Behavioral Theory Of Classical Conditioning And Operant Conditioning

1102 Words Nov 3rd, 2014 5 Pages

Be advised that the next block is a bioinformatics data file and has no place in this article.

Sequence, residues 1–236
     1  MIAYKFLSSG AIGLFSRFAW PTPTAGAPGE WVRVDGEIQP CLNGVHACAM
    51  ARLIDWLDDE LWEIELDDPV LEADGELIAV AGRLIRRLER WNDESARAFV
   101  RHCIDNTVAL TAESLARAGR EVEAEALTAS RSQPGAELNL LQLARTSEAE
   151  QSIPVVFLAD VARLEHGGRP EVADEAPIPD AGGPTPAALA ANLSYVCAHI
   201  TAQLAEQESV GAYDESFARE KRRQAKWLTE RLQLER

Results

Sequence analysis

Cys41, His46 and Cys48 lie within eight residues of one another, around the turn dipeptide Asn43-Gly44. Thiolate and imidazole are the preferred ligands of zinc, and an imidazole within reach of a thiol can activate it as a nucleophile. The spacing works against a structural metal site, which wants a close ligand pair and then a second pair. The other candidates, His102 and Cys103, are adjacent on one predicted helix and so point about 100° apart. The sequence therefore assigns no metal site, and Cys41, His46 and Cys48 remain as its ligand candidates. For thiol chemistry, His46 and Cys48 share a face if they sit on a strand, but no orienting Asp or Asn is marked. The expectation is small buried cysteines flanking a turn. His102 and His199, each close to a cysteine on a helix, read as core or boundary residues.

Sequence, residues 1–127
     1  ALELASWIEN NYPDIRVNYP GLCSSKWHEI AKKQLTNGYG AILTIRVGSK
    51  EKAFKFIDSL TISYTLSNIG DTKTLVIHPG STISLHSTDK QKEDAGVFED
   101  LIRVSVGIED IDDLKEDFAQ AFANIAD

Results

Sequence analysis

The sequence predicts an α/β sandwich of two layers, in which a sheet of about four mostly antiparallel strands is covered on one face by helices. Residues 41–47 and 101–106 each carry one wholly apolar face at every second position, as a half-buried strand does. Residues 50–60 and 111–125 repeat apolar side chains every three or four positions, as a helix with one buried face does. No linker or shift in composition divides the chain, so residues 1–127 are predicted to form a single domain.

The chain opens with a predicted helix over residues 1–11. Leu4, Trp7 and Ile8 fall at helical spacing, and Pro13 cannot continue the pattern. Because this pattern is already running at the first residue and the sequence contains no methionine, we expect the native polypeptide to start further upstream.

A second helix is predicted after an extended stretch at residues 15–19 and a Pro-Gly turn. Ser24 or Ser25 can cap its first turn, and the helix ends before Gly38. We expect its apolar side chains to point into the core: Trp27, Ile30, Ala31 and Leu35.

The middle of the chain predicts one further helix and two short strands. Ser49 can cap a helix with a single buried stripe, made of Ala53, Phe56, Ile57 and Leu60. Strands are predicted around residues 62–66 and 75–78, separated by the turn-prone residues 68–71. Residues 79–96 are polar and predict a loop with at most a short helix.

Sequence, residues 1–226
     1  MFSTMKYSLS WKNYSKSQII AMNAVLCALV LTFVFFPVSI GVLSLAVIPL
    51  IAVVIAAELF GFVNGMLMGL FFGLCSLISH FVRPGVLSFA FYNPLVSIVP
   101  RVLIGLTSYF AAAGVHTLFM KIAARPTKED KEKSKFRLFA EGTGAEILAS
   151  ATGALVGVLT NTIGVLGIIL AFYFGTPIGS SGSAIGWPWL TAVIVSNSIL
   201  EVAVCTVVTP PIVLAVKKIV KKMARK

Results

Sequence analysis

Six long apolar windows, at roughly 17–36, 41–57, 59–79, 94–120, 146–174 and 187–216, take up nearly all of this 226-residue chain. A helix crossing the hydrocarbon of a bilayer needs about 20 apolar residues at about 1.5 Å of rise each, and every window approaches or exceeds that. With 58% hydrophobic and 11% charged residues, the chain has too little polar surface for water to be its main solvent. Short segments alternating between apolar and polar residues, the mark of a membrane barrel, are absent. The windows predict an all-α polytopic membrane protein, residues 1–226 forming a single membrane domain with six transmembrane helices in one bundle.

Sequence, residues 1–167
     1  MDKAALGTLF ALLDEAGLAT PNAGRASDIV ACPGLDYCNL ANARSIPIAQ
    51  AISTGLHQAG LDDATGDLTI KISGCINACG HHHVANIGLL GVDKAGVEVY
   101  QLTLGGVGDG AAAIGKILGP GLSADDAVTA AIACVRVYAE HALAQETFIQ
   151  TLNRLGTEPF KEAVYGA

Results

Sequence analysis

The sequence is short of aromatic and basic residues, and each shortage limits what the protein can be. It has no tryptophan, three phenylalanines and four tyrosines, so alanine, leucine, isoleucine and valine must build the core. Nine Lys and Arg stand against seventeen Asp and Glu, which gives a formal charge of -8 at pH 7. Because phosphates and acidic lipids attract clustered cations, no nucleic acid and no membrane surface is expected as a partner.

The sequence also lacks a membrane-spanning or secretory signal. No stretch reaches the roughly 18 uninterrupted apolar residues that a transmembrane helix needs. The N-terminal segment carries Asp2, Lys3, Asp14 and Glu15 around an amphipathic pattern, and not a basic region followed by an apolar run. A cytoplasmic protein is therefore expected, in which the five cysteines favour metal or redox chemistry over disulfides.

Behavioral Learning theories, developed at the turn of the century to compensate for psychology’s lack of “science,” focused on the behaviors of individuals as opposed to the inner workings of the mind (Harzem, 2004, p. 6). As psychology resolutely turned its eye to the exhibited behaviors of individuals, it developed a means for testing its experiments so that psychology could once again be added into the great hall of sciences. The two camps of behavioral learning theory became Classical Conditioning and Operant Conditioning. The first of the two focused on behavioral responses to situations that were involuntary, though they should not have been so. The latter focused on voluntary behavioral responses to situations. Classical Conditioning has proven effective by many of the experiments dealing with it. Classical Conditioning includes two elements: an unconditioned stimulus and an unconditioned response. According to EdPsych, “and unconditioned stimulus [is] the behavior or event that evokes an automatic response […]; and an unconditioned response [is] the automatic behavior caused by the stimulus, which can be physiological […] or emotional” (2012, p. 159). In most scenarios, humans never connect an unconditioned stimulus with an unconditioned response. It is inherited more so than taught. For instance, a person when putting his or her hand on something hot does not need to think about taking that hand away; rather, he or she involuntarily pulls that hand away as an…

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